Step 6: Direction of ImprovementAs the team defines the technical descriptors, a determination must be made as to thedirection of movement for each descriptor.Step 7: Relationship MatrixThe relationship matrix is where the team determines the relationship between customerneeds and the companys ability to meet those needs. The team asks the question, "what isthe strength of the relationship between the technical descriptors and the customersneeds?" Relationships can either be weak, moderate, or strong and carry a numeric valueof 1, 3 or 9.
Step 8: Organizational DifficultyRate the design attributes in terms of organizational difficulty. It is very possible thatsome attributes are in direct conflict. Increasing the number of sizes may be in conflictwith the companies stock holding policies, for example.
Step 9: Technical Analysis of Competitor ProductsTo better understand the competition, engineering then conducts a comparison ofcompetitor technical descriptors. This process involves reverse engineering competitorproducts to determine specific values for competitor technical descriptors.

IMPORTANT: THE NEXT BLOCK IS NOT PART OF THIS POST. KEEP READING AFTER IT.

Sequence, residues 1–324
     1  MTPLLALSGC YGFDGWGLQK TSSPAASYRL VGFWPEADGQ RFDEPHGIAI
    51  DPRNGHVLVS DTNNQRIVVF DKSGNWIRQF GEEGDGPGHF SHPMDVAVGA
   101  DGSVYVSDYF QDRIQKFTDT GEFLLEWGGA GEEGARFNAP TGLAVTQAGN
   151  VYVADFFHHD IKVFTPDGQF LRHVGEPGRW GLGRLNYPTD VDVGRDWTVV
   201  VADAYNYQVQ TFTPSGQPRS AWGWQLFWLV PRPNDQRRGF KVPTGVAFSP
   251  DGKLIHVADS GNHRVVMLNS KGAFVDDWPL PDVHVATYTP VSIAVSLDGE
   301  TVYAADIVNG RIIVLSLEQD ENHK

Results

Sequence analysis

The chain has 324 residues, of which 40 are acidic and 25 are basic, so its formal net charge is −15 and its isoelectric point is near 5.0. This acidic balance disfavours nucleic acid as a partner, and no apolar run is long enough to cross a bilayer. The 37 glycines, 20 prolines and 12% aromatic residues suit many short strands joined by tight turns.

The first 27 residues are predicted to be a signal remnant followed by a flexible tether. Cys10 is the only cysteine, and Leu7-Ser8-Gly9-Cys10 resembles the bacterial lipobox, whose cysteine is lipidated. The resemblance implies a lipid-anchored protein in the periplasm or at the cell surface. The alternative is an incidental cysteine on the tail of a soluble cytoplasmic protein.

Step 10: Target Values for Technical DescriptorsAt this stage in the process, the QFD team begins to establish target values for eachtechnical descriptor. Target values represent "how much" for the technical descriptors,and can then act as a base-line to compare against.
Step 11: Correlation MatrixThis room in the matrix is where the term House of Quality comes from because it makesthe matrix look like a house with a roof. The correlation matrix is probably the least usedroom in the House of Quality; however, this room is a big help to the design engineers inthe next phase of a comprehensive QFD project. Team members must examine how eachof the technical descriptors impact each other. The team should document strong negativerelationships between technical descriptors and work to eliminate physical contradictions.